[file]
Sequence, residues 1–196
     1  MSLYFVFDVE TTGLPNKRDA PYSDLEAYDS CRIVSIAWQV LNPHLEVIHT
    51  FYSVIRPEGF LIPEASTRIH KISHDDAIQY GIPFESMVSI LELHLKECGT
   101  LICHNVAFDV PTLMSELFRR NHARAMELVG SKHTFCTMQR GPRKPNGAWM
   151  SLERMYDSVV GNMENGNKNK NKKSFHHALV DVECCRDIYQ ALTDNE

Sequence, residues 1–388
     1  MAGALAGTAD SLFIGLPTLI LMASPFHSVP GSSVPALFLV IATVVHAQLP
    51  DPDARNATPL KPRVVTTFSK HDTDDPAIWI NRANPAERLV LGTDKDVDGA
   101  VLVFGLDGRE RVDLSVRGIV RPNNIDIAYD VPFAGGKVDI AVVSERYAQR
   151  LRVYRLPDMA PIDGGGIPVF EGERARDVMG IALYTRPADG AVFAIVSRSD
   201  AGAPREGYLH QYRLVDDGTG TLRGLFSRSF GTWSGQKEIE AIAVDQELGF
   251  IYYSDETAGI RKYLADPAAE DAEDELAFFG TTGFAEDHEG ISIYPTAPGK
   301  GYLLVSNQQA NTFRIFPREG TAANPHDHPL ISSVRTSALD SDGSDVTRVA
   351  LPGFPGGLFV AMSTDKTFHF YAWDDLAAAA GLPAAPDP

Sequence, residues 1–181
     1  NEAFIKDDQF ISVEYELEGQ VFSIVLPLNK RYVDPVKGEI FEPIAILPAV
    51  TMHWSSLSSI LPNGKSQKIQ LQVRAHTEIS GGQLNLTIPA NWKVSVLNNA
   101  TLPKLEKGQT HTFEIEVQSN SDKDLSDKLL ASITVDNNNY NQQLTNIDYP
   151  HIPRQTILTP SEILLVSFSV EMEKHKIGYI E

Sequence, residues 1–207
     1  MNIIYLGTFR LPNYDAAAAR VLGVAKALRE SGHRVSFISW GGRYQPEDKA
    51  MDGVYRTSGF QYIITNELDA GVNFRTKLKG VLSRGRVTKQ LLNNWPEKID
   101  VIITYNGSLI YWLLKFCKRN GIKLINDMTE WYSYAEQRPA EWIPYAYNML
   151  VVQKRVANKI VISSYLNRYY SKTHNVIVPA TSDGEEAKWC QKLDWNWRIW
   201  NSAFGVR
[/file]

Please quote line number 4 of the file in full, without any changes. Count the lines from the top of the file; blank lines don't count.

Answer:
   101  LICHNVAFDV PTLMSELFRR NHARAMELVG SKHTFCTMQR GPRKPNGAWM